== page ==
Considering that ectoine itself has no antioxidant capacity the current data may give an indication for the mechanisms by which environmental particles contribute to asthma exacerbation. In this scenario, ectoine significantly reduces the neutrophilic inflammation induced by the particles at the time point of the onset of the antigen provocation. Ectoine is known not to interact with the particles and it does not scavenge reactive oxygen species. It is therefore plausible that the exacerbating effect of combustion-derived nanoparticles is mediated by the proinflammatory trigger which can be observed at the level of neutrophil influx and the respective proinflammatory mediators.

Due to the molecular mechanisms by which ectoine acts, the substance in a first line was suggested to be used as a preventive agent against environmental particulate air pollution. Ectoine in epithelial cells has been shown to prevent typical effects of cell stress triggered by combustion-derived nanoparticles [16]. This strategy however was not designed to replace attempts to improve ambient air quality but was rather considered for predisposed persons who may suffer from chronic lung inflammation or from allergic diseases of the airways. It was therefore important to test whether in the situation of an immune response which is exacerbated by the presence of environmental model particles the inflammatory outcome can be reduced by ectoine. The data show significant differences in neutrophil numbers 36 h after the challenge, indicating that the number of neutrophils recruited by the immune response on OVA provocation can be reduced. At this time point eosinophilic infiltration has just started. Other studies observe elevated levels of these cell types later after the challenge [17]. Therefore the analysis of other cell types in our system has to deal with very low absolute numbers. Although statistically not significant, a trend in the reduction of these cell types by ectoine can also be observed. In order to investigate the effect of ectoine on this particular immune reaction, long-term experiments have to performed. It has to be tested whether one single ectoine application is sufficient to reduce the accumulation of eosinophils in the lung or whether repetitive treatments are necessary.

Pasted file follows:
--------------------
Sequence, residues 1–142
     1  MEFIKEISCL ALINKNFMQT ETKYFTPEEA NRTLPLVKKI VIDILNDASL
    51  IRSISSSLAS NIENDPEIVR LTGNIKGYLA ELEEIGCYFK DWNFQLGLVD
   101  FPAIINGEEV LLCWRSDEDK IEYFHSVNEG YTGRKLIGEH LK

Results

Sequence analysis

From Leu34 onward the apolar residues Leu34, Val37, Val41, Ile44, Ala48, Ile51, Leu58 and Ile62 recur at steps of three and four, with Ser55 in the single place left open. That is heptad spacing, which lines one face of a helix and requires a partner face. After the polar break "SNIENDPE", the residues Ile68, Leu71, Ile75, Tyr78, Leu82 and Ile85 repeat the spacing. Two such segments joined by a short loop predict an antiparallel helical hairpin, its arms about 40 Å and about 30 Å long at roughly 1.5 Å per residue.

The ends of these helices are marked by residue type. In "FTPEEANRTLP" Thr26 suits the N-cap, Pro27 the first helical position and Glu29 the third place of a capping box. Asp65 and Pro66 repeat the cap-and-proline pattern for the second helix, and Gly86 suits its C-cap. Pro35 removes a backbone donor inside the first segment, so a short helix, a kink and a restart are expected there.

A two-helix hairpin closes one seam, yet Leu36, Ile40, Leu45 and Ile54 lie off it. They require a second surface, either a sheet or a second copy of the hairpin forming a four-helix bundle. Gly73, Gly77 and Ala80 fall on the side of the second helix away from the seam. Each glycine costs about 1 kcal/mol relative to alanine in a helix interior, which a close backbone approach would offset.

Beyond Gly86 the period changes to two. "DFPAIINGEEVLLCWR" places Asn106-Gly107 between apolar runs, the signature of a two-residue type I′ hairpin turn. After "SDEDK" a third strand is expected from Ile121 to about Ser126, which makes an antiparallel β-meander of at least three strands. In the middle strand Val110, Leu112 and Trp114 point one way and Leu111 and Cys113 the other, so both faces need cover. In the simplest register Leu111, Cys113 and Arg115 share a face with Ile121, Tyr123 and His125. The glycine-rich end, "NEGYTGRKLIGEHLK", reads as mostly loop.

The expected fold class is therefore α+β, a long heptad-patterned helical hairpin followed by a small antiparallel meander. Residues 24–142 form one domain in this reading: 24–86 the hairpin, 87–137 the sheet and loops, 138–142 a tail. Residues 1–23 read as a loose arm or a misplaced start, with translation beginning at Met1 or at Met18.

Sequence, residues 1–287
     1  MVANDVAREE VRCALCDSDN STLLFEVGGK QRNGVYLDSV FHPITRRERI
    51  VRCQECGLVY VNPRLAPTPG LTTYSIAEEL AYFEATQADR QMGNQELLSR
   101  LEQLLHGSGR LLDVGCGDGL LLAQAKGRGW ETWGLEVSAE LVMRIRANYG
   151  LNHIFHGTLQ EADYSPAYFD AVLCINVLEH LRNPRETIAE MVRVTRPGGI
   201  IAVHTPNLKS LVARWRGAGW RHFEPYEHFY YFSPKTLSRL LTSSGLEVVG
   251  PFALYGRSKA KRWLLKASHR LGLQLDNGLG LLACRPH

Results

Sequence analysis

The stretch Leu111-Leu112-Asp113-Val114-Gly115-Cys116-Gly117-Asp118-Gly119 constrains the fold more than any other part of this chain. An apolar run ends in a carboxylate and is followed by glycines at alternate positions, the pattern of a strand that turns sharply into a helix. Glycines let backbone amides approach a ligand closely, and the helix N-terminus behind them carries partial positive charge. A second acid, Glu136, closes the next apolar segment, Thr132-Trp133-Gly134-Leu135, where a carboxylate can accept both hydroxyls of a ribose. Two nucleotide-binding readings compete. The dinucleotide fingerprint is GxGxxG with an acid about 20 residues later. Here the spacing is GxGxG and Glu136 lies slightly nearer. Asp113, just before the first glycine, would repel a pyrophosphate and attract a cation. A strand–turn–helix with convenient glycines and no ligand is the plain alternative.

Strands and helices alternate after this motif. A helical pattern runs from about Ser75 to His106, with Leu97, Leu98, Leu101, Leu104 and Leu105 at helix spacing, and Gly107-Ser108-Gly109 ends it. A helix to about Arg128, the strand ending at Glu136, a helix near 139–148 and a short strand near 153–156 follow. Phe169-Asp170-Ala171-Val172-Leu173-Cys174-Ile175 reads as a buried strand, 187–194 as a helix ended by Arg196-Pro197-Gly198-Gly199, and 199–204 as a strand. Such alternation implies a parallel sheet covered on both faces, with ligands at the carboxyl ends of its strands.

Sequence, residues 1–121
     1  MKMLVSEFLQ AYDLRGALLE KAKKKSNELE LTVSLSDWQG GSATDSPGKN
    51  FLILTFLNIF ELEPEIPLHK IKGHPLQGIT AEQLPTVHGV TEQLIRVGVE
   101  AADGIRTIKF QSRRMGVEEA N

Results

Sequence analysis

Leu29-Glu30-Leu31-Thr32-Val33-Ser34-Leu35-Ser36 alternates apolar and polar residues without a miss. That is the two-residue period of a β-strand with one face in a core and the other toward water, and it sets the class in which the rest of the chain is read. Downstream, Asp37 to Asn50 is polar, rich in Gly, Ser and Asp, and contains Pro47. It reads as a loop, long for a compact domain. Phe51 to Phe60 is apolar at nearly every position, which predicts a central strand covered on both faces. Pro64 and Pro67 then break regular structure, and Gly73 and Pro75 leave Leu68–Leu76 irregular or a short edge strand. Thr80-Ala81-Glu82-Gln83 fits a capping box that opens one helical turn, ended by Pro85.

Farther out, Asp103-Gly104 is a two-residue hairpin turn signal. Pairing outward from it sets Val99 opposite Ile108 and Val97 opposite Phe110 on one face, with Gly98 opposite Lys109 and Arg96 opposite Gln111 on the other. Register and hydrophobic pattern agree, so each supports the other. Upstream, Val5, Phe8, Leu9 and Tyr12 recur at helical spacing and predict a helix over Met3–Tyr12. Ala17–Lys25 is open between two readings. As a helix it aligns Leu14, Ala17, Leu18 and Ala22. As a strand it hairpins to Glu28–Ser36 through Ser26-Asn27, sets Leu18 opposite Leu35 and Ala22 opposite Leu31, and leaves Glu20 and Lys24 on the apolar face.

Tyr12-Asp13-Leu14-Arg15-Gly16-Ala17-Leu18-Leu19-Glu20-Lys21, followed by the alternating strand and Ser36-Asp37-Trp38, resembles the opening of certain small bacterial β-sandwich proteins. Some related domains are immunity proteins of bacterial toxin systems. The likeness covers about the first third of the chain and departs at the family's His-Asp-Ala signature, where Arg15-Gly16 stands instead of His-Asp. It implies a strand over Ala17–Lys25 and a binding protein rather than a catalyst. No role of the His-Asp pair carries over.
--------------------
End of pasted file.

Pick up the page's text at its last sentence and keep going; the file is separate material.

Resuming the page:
In humans different immunological phenotypes of asthma are described. Besides asthma which is characterised by eosinophilic granulocytes, neutrophilic asthma as probably environmentally induced disease is observed [18]. Like COPD, this disease is dominated by a stable chronic neutrophilic lung inflammation which often is not sensitive to the treatment with glucocorticoids [19]. Together with our earlier studies, which demonstrate an effect of ectoine on neutrophils in vivo and ex vivo [14], the current data suggest that ectoine might also be efficient in the treatment of neutrophilic asthma and should be tested in this context.

4. Conclusions

From the data presented here, we conclude that ectoine has beneficial effects on the exacerbation of airway immune responses by environmental particulate air pollution. After having revealed deeper insight into the value and mechanisms of ectoine in chronic neutrophilic lung inflammation, the recent data can be considered the first approach to apply this preventive strategy to predisposed persons like asthmatics. Furthermore, the study indicates the mechanistic importance of neutrophilic lung inflammation in the exacerbation of allergic airway diseases.

Conflict of Interests

The authors declare that there is no conflict of interests regarding the publication of this paper.


  1. H. S. Koren, “Environmental risk factors in atopic asthma,” International Archives of Allergy and Immunology, vol. 113, no. 1–3, pp. 65–68, 1997. View at Google Scholar · View at Scopus
  2. V. Morgenstern, A. Zutavern, J. Cyrys et al., “Atopic diseases, allergic sensitization, and exposure to traffic-related air pollution in children,” The American Journal of Respiratory and Critical Care Medicine, vol. 177, no. 12, pp. 1331–1337, 2008. View at Publisher · View at Google Scholar · View at Scopus